Longview police remained mum Thursday about the fatal Wednesday shooting of a teen by an officer, declining to clear up rampant rumors surrounding the death of DeTravian Allison.
The family, led by Allison’s mother, also was not commenting Thursday, and a community leader said they have hired an attorney.
“I started getting calls around 7:30 this morning,” Longview NAACP President Winsell Coleman said. “But, you know what? They were all coming from different people with different stories with different points of view. ... They need to know; you can’t just jump on hearsay.”
Coleman said he had spoken with Allison’s mother and that she has retained legal counsel. He was not certain who that lawyer is.
“First of all, some people are saying the victim never had a gun, and there are some saying the victim never pointed the gun at the police,” Coleman said. “It just seemed like the shooting was unnecessary.”
Funeral services for Allison remained pending Thursday. A Gofundme fundraiser was posted online, to defray funeral costs and attorney bills for “our loved one,” the description on the page says, noting his mother is a single parent with a full-time job.
The fundraiser page also uses the name, DeTravian Kennedy, though Justice of the Peace B.H. Jameson said his last name is Allison on his inquest forms.
Coleman said he had not heard the ethnicity of the officers who shot the 18-year-old black man. Police did not respond to an email seeking that and additional information.
The only information released by Longview police said officers were called at 10:40 a.m. Wednesday to a West Loop 281 business where an employee said a man had made threats before leaving in a car the employee described along with a license plate number.
That vehicle, which had been reported as stolen, was spotted within minutes at the Longview Square Apartments, 1600 Pine Tree Road. Two men were inside, and police said one of them pointed a pistol at officers, who fired on the man, striking him.
Allison was pronounced dead at 11:57 a.m. Wednesday by a doctor at Longview Regional Medical Center, Jameson said. The judge performed an inquest at 12:20 p.m.
Jameson did not have the preliminary autopsy report back as of Thursday afternoon, but he said it appeared Allison received several gunshot wounds.
“But which one was fatal and so forth, I can’t tell you,” the judge said.
The statement from police said the officers involved will be placed on paid administrative leave while the matter is investigated by the Texas Rangers, a division of the Texas Department of Public Safety. Anyone with any information is asked to contact Gregg County Crime Stoppers at (903) 236-7867.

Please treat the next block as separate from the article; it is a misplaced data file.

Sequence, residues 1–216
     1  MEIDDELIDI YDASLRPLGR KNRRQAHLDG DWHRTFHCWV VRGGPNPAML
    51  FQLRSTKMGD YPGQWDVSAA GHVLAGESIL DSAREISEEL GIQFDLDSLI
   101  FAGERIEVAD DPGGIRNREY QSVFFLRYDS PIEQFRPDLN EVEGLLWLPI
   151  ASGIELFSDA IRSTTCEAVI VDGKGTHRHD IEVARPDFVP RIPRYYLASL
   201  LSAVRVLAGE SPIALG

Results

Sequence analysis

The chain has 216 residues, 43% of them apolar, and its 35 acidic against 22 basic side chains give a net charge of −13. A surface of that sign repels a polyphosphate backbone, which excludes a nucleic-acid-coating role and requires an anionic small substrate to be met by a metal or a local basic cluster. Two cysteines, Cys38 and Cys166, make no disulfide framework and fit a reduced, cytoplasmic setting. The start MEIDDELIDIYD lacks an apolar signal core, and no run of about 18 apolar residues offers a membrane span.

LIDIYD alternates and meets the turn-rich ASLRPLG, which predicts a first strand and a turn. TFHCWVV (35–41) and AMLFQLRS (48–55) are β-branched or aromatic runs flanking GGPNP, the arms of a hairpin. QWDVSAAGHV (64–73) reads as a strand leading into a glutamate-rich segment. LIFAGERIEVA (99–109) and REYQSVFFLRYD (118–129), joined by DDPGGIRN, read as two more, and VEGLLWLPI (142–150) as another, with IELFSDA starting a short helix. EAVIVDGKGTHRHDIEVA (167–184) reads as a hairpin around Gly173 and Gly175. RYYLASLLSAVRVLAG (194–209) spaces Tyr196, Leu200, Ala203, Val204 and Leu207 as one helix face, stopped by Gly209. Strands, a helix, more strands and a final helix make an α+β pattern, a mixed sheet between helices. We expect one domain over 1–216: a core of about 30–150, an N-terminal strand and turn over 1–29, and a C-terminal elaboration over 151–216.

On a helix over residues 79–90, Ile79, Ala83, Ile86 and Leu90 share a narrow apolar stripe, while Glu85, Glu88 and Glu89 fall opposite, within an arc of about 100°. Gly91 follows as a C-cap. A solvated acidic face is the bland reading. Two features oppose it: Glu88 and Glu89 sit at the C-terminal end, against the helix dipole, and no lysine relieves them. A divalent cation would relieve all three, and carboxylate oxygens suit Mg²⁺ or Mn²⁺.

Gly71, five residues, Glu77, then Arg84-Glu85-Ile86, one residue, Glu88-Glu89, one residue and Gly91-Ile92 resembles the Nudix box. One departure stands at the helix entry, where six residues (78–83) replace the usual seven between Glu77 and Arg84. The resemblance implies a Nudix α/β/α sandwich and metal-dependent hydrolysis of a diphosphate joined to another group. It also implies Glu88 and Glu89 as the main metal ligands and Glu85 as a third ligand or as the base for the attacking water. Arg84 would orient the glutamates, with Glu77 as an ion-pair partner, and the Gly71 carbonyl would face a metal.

Coleman said he was hopeful for a thorough investigation, though he said the Rangers rarely find wrongdoing in officer-involved shootings.
“That’s telling you something, isn’t it?” he said. “Sounds like home cooking, doesn’t it?”
He also said no complaint had been filed with the NAACP, and so the chapter had no opinion on the shooting.
“We want to be part of the problem solving,” Coleman said. “But we do want to address times when we find out it’s wrong. If the police make mistakes, it will be proven true and addressed accordingly.”
The 84-year-old, six-story Heritage Tower at 208 N. Green St. in Longview is undergoing a major conversion from being used for commerce to housing renters ages 55 and older.
Demolition work on former offices on the fourth to sixth floors started about two weeks ago, said Terry Fontenot, superintendent of Hamilton Builders LLC, based in Springfield, Missouri.
Work started on the sixth floor for practical reasons, Fontenot said during a tour Thursday morning.
By starting at the top, demolition workers avoid disturbing work that would take place below afterward, he said. An 18-man demolition crew from ARC Abatement in Houston loads debris from the demolition down a chute that takes it to a dumpster outside.
The demolition work and removing asbestos are the first steps for renovating the building, according to Fontenot. Renovations for old buildings typically require removing asbestos, which was formerly used for insulation and as a fire retardant but has been linked to several cancers and diseases.
Fontenot said he expects the renovation to be completed in September or October 2020.
Heritage Tower Joint Venture applied to the Longview Development Services Department a month ago for a commercial renovation permit for the building with a construction value of nearly $5.5 million.
The third to sixth floors will each have seven apartment units, Fontenot said. The second floor will have six units, and the first floor will have two handicap-accessible units, along with an exercise room, library and retail space.
He took an elevator to start the tour on the sixth floor, which is completely gutted.
It is “just a concrete floor,” Fontenot said. “It is a lot of work.”
He said work is nearing completion on the fifth floor and said both the fourth and fifth floors have the original marble wainscoting that will be preserved on the corridor walls.
The Longview Historic Preservation Commission voted unanimously in June to designate the building as a local historical landmark.
On the third floor, tape closed off an area that is deemed dangerous to enter. The closed area contains duct work removed from the ceiling, metal door frames and other debris from tearing down walls.
Demo work will come afterward on the second floor, according to Fontenot. He said the floor lacks historical value because it no longer retains any of its original fixtures or finishes.
Fontenot said the next step will be laying out new plumbing.
“We will have to build new walls,” he said. Electrical work will follow that, he said.
Fontenot said the final work will involve installing the floors on the second, third and sixth floors, while the other floors still boast their original terrazzo flooring.
He said the building will retain a mail chute that runs up to the sixth floor and has a slot on each floor, allowing mail to be deposited and drop down into a metal collection box on the first floor.
Mosquito season 2019 has been relatively quiet compared with past years, but local health authorities expect more bites as the August sun beams hotter.
“With this heat wave that started (Wednesday), we could see an increase in mosquito activity,” Gregg County Health Department Administrative Assistant A.J. Harris said.